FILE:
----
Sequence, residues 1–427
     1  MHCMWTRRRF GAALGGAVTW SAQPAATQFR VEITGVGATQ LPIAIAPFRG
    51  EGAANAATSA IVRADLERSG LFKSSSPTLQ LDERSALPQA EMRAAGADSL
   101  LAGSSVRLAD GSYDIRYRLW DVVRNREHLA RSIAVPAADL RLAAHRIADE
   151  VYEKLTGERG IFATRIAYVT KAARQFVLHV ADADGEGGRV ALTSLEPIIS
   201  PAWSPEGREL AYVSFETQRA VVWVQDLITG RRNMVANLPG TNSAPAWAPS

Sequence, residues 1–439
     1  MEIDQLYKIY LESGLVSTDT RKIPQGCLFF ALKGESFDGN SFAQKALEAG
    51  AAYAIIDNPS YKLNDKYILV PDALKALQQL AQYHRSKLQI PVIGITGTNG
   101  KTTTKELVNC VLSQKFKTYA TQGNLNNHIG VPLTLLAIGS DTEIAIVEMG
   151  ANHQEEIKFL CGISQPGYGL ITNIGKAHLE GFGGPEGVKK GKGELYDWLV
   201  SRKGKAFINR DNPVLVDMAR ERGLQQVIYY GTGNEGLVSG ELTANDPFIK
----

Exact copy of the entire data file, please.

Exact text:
Sequence, residues 1–427
     1  MHCMWTRRRF GAALGGAVTW SAQPAATQFR VEITGVGATQ LPIAIAPFRG
    51  EGAANAATSA IVRADLERSG LFKSSSPTLQ LDERSALPQA EMRAAGADSL
   101  LAGSSVRLAD GSYDIRYRLW DVVRNREHLA RSIAVPAADL RLAAHRIADE
   151  VYEKLTGERG IFATRIAYVT KAARQFVLHV ADADGEGGRV ALTSLEPIIS
   201  PAWSPEGREL AYVSFETQRA VVWVQDLITG RRNMVANLPG TNSAPAWAPS

Sequence, residues 1–439
     1  MEIDQLYKIY LESGLVSTDT RKIPQGCLFF ALKGESFDGN SFAQKALEAG
    51  AAYAIIDNPS YKLNDKYILV PDALKALQQL AQYHRSKLQI PVIGITGTNG
   101  KTTTKELVNC VLSQKFKTYA TQGNLNNHIG VPLTLLAIGS DTEIAIVEMG
   151  ANHQEEIKFL CGISQPGYGL ITNIGKAHLE GFGGPEGVKK GKGELYDWLV
   201  SRKGKAFINR DNPVLVDMAR ERGLQQVIYY GTGNEGLVSG ELTANDPFIK